Extended RNF – Fear me? It just does not compute… Part 2

When someone tells me they are afraid of black men, of me, it does not compute.

I am not enraged by them. I am dumbstruck by them. Baffled even. Afraid of me? Are you serious? How dare you. The unmitigated gall. The unbridled temerity. The out-sized hubris of such foolishness. In a nation where mere decades separate us from many centuries of some of the most monstrous, fully sanctioned, by social norm and government agencies, atrocities visited upon a group of people in modern history, you are afraid of me? In a nation where I had to be trained how to survive a traffic stop by my father as a rite of passage in to teenager-dome. For an individual with even a tenuous comprehension of this nation’s history to even attempt to hold up that a black man is a threat on sight, with no background information, to be feared on sight is an exercise in absurdity. In a nation where it seems a week or month cannot pass without an unarmed black woman or man being killed, for nothing at all to misdemeanors, by those entrusted to serve and protect while those who shoot up and murder many in movie theaters, political press conferences, military bases, etc. somehow manage to be taken in to custody quite alive and then provided the base right of a trial where their fate is placed in the hands of their peers? I dismiss this as utter nonsense. No. Whatever you see on the evening news or no matter what slight you believe has been visited upon your person I have an unending treasure trove of rebuttals at my disposal.

But… I am not afraid. I am not angry.

Not because I would not be justified in feeling so, but because I refuse to be afraid or angry.

My father taught me to be smarter, not angrier. He taught me that a common tactic is to agitate, obfuscate, irritate, and even attempt to intimidate and wait for an out-sized outburst. Then once enraged I would be upgraded from uppity to angry. I was taught to educate myself traditionally, where my parents made it clear that college was not optional, and to continue learning by being a student of my surroundings and experiences at every given opportunity throughout life. Weakness is found in ignorance.

I was raised by two powerful parents who, despite having grown up in the rural South, were filled with hope, power and promise. Not just for me. Not just for them, but with enough hope, power, and promise to motivate generations to come. Despite the incredible nonsense they had to endure they did not just survive, but thrived. They are not a fluke. They are not an aberration, an anomaly, some sitcom-ish deviation from some preconceived norm. No family is perfect, but I can point you up, down, and across my family where there are hard working mothers and fathers raising their children together, where college is a priority (Please look up the college history for today’s popular TV commentators, especially the most antagonistic ones, by the way. Know who you are listening to.), where there are long standing marriages capped off by the American dream of the golden retirement years. Spare me your stereotypes. There is no one black reality. We are as prone to both success and failure as any group. Not only the women, a hard working educated group as any, but let me tell you that I was surrounded by male role models as well. My father for starters, but I had my uncles, great uncles, and cousin after cousin of men across generations holding it down. All involved and invested in the raising of their children and community. Gainfully employed, many college educated who then put their children through college. None incarcerated. None raising a hand to anyone. Young and old they skew liberal in political affiliation, but conservative in their personal governance. The black experience is not a single experience. It is not just what is put forward on TV and promoted on rap videos. I am a witness. I love hip hop by the way, but have little patience for sensationalized hip pop.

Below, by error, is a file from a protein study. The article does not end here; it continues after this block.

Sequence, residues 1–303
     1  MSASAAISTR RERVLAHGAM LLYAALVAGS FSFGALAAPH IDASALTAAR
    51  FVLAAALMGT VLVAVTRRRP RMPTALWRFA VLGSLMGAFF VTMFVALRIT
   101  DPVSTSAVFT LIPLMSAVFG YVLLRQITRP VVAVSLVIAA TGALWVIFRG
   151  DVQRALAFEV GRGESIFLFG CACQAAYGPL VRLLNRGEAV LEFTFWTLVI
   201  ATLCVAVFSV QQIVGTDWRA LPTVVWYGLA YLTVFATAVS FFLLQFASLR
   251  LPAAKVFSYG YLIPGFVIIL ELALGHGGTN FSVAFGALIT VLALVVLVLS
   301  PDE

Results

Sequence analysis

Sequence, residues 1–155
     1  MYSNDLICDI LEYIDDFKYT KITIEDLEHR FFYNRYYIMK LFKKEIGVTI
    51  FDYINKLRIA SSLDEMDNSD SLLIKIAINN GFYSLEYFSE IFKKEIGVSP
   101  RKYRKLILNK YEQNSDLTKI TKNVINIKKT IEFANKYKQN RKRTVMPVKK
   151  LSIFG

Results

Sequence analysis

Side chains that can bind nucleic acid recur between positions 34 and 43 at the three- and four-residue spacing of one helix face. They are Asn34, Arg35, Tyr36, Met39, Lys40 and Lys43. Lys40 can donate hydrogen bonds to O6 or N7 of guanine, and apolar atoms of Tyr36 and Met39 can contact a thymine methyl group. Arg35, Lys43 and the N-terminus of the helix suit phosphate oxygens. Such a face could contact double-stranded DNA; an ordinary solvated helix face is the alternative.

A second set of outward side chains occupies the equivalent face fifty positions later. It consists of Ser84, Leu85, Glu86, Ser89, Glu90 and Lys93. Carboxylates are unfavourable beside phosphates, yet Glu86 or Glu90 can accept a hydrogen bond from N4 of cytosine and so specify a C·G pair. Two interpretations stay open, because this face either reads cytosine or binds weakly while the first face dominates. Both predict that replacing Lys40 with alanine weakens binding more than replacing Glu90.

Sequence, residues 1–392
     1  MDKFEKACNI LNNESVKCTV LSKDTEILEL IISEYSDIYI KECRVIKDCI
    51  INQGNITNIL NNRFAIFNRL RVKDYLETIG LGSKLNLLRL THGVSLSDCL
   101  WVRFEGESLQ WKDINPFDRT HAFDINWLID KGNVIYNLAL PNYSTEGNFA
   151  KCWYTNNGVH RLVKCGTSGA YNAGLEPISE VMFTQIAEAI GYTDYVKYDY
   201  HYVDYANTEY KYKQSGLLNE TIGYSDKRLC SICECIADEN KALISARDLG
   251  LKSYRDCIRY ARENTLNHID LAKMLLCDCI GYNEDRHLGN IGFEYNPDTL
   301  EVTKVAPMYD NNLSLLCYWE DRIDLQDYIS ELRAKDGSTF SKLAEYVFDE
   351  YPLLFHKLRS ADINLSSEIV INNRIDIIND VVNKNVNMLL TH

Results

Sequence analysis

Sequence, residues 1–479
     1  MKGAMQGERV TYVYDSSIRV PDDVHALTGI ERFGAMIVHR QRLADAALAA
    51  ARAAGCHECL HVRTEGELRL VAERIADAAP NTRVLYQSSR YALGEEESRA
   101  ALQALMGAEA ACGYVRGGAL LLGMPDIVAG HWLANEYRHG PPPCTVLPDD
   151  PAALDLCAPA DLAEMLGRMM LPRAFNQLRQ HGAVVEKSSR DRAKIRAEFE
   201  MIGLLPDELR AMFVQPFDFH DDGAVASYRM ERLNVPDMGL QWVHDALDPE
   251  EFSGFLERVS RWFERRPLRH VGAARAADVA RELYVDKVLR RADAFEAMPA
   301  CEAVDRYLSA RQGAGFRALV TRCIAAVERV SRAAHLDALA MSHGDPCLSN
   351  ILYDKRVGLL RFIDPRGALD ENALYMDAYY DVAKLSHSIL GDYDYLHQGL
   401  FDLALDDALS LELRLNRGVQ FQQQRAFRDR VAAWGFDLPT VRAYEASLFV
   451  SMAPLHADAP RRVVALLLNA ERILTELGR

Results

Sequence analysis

I have learned by observing those who live by fear and anger that fear and anger are the antithesis of reasonable, rational thought and progress. Put plainly fear and anger make one stupid. Too blunt? I will try again. Intellectual sloth? Is that more appeasing… more appealing… easier to digest? Heaven forbid anyone should be offended.

Only one of compromised reasoning capabilities would dare do something so daft as to use the turmoil that erupts in reaction to an egregious violation of justice to justify the preceding act of injustice.

-ELW

Ignorance is the most caustic of all intellectual poisons. Willful ignorance, often borne of intellectual sloth or irrational fear rather than outright malice, is a most tragic form of cognitive suicide that incurs collateral damage upon all who come in to the sufferer’s path.
-ELW

Let’s do this. Let’s take a look at judging the many by the actions of the few or to…

ster·e·o·type
ˈsterēəˌtīp,ˈsti(ə)r-/Submit
noun
1.
a widely held but fixed and oversimplified image or idea of a particular type of person or thing.
“the stereotype of the woman as the carer”
synonyms: standard/conventional image, received idea, cliché, hackneyed idea, formula
“the stereotype of the rancher”

I was able to come to some conclusions early in my childhood. Whether a group, however one decides to define that group (party, color, race, origin, religion, etc.), is historically defined as persecutor or the persecuted, agitator or the agitated, victor, victim or vindicator is heavily swayed by those who control history, or whoever is in power. No individual within a group should be deemed morally, intellectually or otherwise superior solely based on their group affiliation, but it happens every day. What they choose to include or exclude tips the narrative in their favor. Unpleasant truths that conflict with the larger narrative are pushed aside or utterly ignored without a second thought.

Continued in Part 3.